Lok Sabha passes Supreme Court (Number of Judges) Amendment Bill, 2019

Lok Sabha has passed Supreme Court (Number of Judges) Amendment Bill, 2019 to increase the number of Supreme Court judges from the present 30 to 33 (excluding Chief Justice of India). The Bill amends Supreme Court (Number of Judges) Ac, 1956. It helps to meet long standing demand of increasing strength of Supreme Court judges to resolve number of pending cases can be brought down substantially.

Salient features of Bill

The Bill to increase strength of Supreme Court judges by 10% i.e. to 33 from present 30 (excluding Chief Justice of India).

As of now full sanctioned strength of SC is 31 (including CJI). Once this bill gets in Rajya Sabha also and gets full parliamentary nod and presidential assent, the number of judges would go up to 34, including the CJI.

The purpose of increasing in number of judges is to allow Supreme Court to function more efficiently and effictively towards attaining the ultimate goal of of rendering speedy jusstice to the litigants.

Background

The strength of Supreme Court is fixed by law enacted Parliament as per Article 124 (1) of Constitution of India. Therefore, strength of Supreme Court judges can be increased by way of parliamentary legislation. For this purpose Parliament has enacted Supreme Court (Number of Judges) Act, 1956, which originally provided for maximum of 10 judges (excluding CJI). This number was increased to 13 by Supreme Court (Number of Judges) Amendment Act, 1960 and to 17 in 1977.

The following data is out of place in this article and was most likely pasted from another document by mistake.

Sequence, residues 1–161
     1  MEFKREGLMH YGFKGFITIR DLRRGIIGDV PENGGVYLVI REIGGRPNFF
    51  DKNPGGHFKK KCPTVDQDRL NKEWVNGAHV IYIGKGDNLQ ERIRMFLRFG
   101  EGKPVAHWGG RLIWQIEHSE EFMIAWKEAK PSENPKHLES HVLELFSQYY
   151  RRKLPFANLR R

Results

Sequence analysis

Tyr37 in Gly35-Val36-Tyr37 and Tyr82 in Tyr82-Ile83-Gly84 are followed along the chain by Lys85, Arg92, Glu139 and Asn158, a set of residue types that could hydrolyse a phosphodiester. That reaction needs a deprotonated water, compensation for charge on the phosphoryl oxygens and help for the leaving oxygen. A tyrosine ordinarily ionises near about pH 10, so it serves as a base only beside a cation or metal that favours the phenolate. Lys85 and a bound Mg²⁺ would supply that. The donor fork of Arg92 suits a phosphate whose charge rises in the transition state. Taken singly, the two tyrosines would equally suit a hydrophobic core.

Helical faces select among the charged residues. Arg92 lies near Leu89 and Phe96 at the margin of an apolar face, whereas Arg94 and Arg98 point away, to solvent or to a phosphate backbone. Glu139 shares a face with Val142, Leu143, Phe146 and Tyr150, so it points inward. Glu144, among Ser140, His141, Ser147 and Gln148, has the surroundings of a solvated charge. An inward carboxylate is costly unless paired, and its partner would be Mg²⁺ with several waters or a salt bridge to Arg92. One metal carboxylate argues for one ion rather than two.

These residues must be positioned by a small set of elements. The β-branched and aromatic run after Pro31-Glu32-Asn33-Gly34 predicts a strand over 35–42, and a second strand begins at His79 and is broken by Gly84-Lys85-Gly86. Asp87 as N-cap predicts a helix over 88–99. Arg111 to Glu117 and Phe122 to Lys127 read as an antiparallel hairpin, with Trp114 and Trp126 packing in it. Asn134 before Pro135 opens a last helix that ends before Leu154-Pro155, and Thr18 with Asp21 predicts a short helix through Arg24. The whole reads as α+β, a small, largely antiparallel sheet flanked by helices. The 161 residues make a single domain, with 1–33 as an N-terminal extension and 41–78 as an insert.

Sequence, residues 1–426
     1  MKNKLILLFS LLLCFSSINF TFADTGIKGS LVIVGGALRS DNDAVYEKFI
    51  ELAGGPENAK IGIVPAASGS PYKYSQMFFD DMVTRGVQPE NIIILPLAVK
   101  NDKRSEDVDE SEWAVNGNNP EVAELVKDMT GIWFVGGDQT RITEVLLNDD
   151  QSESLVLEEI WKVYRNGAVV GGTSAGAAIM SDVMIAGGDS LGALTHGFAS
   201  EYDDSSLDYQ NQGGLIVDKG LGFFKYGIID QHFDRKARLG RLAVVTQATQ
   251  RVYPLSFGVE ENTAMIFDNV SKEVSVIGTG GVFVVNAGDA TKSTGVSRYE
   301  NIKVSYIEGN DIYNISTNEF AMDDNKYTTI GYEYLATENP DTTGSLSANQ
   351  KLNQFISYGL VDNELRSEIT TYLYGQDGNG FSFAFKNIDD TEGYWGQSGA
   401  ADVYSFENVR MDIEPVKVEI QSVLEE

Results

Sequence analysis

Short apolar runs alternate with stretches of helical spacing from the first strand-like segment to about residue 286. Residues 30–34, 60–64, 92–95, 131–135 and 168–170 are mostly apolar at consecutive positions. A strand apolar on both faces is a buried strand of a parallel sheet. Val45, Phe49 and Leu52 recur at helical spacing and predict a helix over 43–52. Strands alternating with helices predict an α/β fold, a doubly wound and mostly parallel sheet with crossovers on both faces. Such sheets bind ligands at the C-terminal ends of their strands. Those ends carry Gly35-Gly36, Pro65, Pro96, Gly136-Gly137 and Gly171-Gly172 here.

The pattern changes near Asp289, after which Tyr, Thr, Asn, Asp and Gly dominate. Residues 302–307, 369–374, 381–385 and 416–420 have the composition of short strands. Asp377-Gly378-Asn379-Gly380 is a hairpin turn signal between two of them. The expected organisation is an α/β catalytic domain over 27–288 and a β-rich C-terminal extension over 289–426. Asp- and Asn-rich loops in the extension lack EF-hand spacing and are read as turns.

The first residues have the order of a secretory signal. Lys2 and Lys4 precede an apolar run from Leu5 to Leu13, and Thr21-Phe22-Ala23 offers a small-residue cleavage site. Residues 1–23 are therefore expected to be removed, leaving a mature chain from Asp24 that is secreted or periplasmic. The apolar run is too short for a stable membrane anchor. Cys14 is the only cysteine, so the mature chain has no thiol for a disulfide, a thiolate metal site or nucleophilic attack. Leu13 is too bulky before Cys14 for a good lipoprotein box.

However till the end of 1979, the working strength of Supreme Court was restricted to 15 judges (excluding CJI) by cabinet. But the restriction was later withdrawn at request of CJI. In 1986, strength of Supreme Court was increased to 25, excluding CJI. Subsequently, Supreme Court (Number of Judges) Amendment Act, 2009 further increased strength of Supreme Court judges from 25 to 30 (excluding CJI).

Get these updates on Current Affairs Today Android App

Watch A Video on our Channel

Advertisement

Month:

Categories: Legal Current Affairs

Tags:

Comments